Weekly actual topics in Azerbaijan (May 22-26)
Azerbaijan, Slovakia planning to ink deals in economic sphere
Azerbaijan and Slovakia plan to sign a number of agreements in the sphere of investments, agriculture and taxes, Head of Azerbaijan’s diplomatic mission in Slovakia Jafar Huseynzade said.
Huseynzade said that as of today, the contractual base between the two countries is based on 7-8 agreements, which doesn’t reflect the level of existing capacity.
“Currently, we work to expand the contractual base in four directions – political, economic, cultural and humanitarian spheres. As part of this work, we prepared several documents, among which there are agreements on investment promotion, on avoidance of double taxation, on cooperation in the field of education and tourism,” said the diplomat.
“We also work on a strategic cooperation document. It is important that the issue of settlement of the Nagorno-Karabakh conflict within Azerbaijan’s territorial integrity will be reflected in this document.”
Three more documents, noted Huseynzade, on preparation of which work is being carried out, touch upon various areas of cooperation in the field of agriculture: this is the cooperation in the field of veterinary medicine, plant cultivation and, in general, in the agrarian sector.
However, the diplomat added that these documents will be signed not earlier than 2018.
“We also aimed at creating a joint commission, which will help to stimulate mutual investments and establish closer cooperation in the economic sphere. That is why we want this commission not to be an intergovernmental one, but to operate between the economy ministries of the two countries,” said the head of Azerbaijani diplomatic mission.
According to him, Azerbaijan and Slovakia have good opportunities for development of cooperation in the spheres of tourism and education.
“Particularly, we have quite big potential for cooperation in the tourism sphere. We are working to simplify the visa regime between our countries. Slovakia is very attractive in terms of tourism, because at the European level of quality, services are offered here at lower prices. As for the sphere of education, it should be noted that Slovakia’s universities provide qualitative education, and the cost of education in them is also lower than in Germany and Austria. Meanwhile, universities offer language courses for foreign students, which facilitates studying in this country,” noted Huseynzade.
Moody’s: Azerbaijani economy to grow 1.8% in 2018
The Moody’s Investors Service international ratings agency has forecasted the Azerbaijani economy to grow 1.8 percent in 2018, Petr Paklin, the agency analyst, said at the Moody's Annual Azerbaijan Summit in Baku.
He noted that Azerbaijan’s GDP growth is highly dependent on the level of oil prices.
If the oil prices remain at the level of above $50 per barrel, Azerbaijan will abandon its savings policy and increase the government investments, Paklin said.
He said that Azerbaijan still retains a number of positive factors influencing the assessment by Moody’s.
First of all, Azerbaijan has big oil and gas reserves, significant volumes of foreign assets, as well as foreign exchange and gold reserves in the country’s State Oil Fund (SOFAZ) and the Central Bank (CBA), he noted.
Besides, Azerbaijan has an acceptable level of debt burden, despite its growth in the last two years, he added.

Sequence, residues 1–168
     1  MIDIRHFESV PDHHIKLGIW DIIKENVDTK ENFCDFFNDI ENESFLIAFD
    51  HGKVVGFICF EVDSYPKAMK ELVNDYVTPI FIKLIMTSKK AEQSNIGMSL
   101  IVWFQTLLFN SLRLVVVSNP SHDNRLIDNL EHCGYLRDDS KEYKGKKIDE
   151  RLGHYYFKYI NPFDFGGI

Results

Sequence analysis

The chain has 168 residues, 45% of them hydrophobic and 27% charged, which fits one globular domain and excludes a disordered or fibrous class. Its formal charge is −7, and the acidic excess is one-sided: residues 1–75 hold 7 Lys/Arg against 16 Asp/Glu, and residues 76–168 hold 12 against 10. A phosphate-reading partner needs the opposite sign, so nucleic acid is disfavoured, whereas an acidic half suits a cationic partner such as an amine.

Paklin also noted that the increase of Azerbaijan’s debt burden is associated with high costs for supporting the banking sector, in particular, the International Bank of Azerbaijan.
If at the end of 2014, the level of Azerbaijan’s national debt was 11 percent of GDP, this figure reached 40 percent of GDP by the end of 2016, Paklin said.
He added that such growth of the debt is due to sharp drop of oil prices and the need to support the banking sector.
Although the size of Azerbaijan’s banking sector is small (slightly more than 50 percent of GDP), the state’s expenditures to support this sector are very high, the analyst said, adding that according to Moody’s estimates, in 2015-2016, Azerbaijan allocated funds equivalent to its national debt’s level of 18 percent of GDP for the banking sector’s support.
At the same time, Azerbaijan can afford such a debt level, he noted.
Azerbaijan’s foreign exchange reserves are about 100 percent of the country’s GDP, which exceeds the level of the country’s national debt by slightly more than twice, Paklin said, adding that this is a very impressive debt safety cushion that will help overcome stress.
Moody’s: Azerbaijani banks should increase reserves
Azerbaijani banks should increase their reserves to cover problem loans, Maria Malyukova, analyst of the Moody’s Investors Service international ratings agency, said.
The reserves of Azerbaijani banks should be increased due to the growth of the share of problem loans in the banks’ total loan portfolio, she said.
According to the information regarding six banks, which are rated by Moody’s (International Bank of Azerbaijan, Kapital Bank, Xalq bank, Bank Respublika, Bank of Baku and Bank VTB (Azerbaijan)), the share of problem loans (which remained overdue for more than 90 days) of these banks amounted to 30 percent of their total loan portfolio as of late 2016, while it amounted to 16 percent as of late 2015, she noted.
Given this, the coverage level for these loans is insignificant and amounts to 10.6 percent, Malyukova noted.
She said that the growth of the share of problem loans is observed against the background of reduction of lending volumes.
“As of late 2016, the loan portfolio of Azerbaijani banks decreased by 24 percent,” she added. “This tendency continued in the first quarter of 2017 as well. The reduction in lending in this period was 9.5 percent.”